Thursday, April 12, 2012

Baptizing and Teaching—Disciplemaking Calls for Both

And Jesus came and said to them, “All authority in heaven and on earth has been given to me.  Go therefore and make disciples of all nations, baptizing them in the name of the Father and of the Son and of the Holy Spirit, teaching them to observe all that I have commanded you.  And behold, I am with you always, to the end of the age.”  (Matthew 28:19-20)

This is one of the most familiar passages in the Bible with but one imperative—make disciples.  Yet in spite of this overt simplicity there seems to be the greatest difficulty in following the command.  Where does the difficulty lie?

The issue cannot be lack of authorization.  According to Jesus' own words above, all authority is his.  He then says go therefore (or possibly better translated therefore in your going) which acts as rhetorical device to say that the the authority vested in him is now being conferred on his followers.

The issue cannot be lack of clarity.  A sentence diagram shows the following:
Image from Issues, Etc. Journal, Fall 2011
Notice that there are two parts to the mandate:

        1) Baptizing in the name of the triune God
        2) Teaching all that Jesus has commanded

First, baptism is inextricably connected with salvation in relation to repentance and forgiveness of sin (Acts 2:38; 22:16; 1 Pet 3:21), belief (Acts 8:12), reception of the Holy Spirit (Acts 8:14-17; 10:44-48), and identification with Christ (Acts 10:48; 19:5; Rom 6:3-4; 1 Cor 1:13; Gal 3:27).  Teaching without baptism, then, serves only to make informed heathens, not Christians.  Without the baptismal waters, there can be no objective connection with Jesus our Lord.  Am I saying that someone who believes without baptism cannot be saved?  No.  I am making the case that those who state they believe and have an opportunity to be baptized in some manner but do not take it are likely not believers.

Second, there must be an active educational relationship to impart knowledge beginning with the rudiments of the gospel.  Maturity in Christ attained by the constant intake of God's word.  It works in us to make us competent and thoroughly equipped (2 Tim 3:16-17).  Baptism without teaching does no more than provide some identification with an ideal that is to be experienced with the intended aspiration of a lofty or laudable personal, subjective goal, thereby becoming self-fulfilled or self-condemned, depending on one's conscience.  Again, this person is not a Christian.  Am I saying this person is not a Christian if he understands and believes the gospel?  No.  I am saying that the gospel forms the very base of all that comes later.  If that person does not desire and/or strive to learn more, he is likely not a believer.

Up to this point, my complaint has been with the person on the receiving end, however there must be those who are actively baptizing and teaching.  For the person rightfully recognized to baptize to not do so is tantamount to unbelief.  Likewise, every person has opportunity to teach what God has so freely given in the revelation of himself and the fullness of redemption in Christ.  The incumbency on each Christian is to teach another of the manifold grace of God.  Am I saying the person not teaching another is not a Christian?  No.  I am saying that any baptized person who is able to communicate God's word and will not pass along its truth to another is at the very least lazy and probably not a believer.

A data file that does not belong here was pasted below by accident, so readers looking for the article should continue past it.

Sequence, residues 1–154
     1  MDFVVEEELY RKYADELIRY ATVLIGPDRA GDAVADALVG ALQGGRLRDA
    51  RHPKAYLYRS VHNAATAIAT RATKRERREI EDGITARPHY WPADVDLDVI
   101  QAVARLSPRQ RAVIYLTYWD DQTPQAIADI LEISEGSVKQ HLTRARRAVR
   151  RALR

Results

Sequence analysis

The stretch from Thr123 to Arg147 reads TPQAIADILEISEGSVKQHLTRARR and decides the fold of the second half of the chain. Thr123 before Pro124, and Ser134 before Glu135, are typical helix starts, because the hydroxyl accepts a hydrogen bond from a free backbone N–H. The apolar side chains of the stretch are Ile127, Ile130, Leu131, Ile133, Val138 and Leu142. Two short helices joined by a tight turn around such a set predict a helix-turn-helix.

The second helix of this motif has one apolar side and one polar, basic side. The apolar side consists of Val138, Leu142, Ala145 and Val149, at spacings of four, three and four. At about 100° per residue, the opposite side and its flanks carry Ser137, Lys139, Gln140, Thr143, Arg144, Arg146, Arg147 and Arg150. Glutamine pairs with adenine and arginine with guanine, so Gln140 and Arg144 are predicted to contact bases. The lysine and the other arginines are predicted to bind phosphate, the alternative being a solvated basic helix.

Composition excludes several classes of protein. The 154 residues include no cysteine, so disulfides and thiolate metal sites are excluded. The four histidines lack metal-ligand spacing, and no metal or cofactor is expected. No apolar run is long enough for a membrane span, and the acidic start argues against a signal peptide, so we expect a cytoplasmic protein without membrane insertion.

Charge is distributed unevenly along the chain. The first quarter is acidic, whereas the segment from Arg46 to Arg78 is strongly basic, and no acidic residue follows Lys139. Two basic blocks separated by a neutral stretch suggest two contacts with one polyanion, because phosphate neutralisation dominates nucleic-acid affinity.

With a clear command and pattern for action, why is it that so many American church groups minimize, if not abandon, what the early church held to be the only baptismal formula?  What was once embraced as required for full rights of fellowship and worship in the local assembly has been replaced with "Come and join the experience."  The Church Growth philosophy has been found to be too thin a model to form spiritual growth.  Some who promulgate this model have insisted it is the correct direction needing but a tweak here and there.  Others in the same camp have turned to the postmodern mantra of subjective individualism: in any gatherings of believers, do what helps you feel and live better.  Let's just get together to meet felt needs and show how to have better morals.  And each of the above meet weekly without addressing the underlying problem of sin and the work of a Savior for that sin.  Where will these man-made paths end?  "Vanity of vanities, says the Preacher, vanity of vanities!  All is vanity."  (Ec 1:2)

Some have already understood that the aforementioned paths have no true content and are searching for the pure milk and solid food in the sound teaching of scripture.  They are desiring to be disciples in the biblical sense.  How are they discovered?  Ask them.  I regularly do so in my own assembly concerning a person's spiritual intake.  Some do not realize their lack of growth and are satisfied with spiritual bonbons that do nothing but give false comfort.  Those that are concerned appreciate the inquiry and regularly reveal that they want another to help along the way.  Because there are not enough men and women taking on the mantle of teacher to these, they struggle in starts and fits before finding solid footing, often by leaving their church for another.
 With the need so great and the fields being white unto harvest, * let us plead for the Lord of the harvest to send forth laborers.  For those laborers working on their own tasks rather than being engaged in what the Lord instructed, "cleanse your hands, you sinners, and purify your hearts, you double-minded," (Jas 4:8) and make disciples the way Jesus instructed.

*  Notice I use this in relation to disciple-making and not evangelism only.  The distinction is important.

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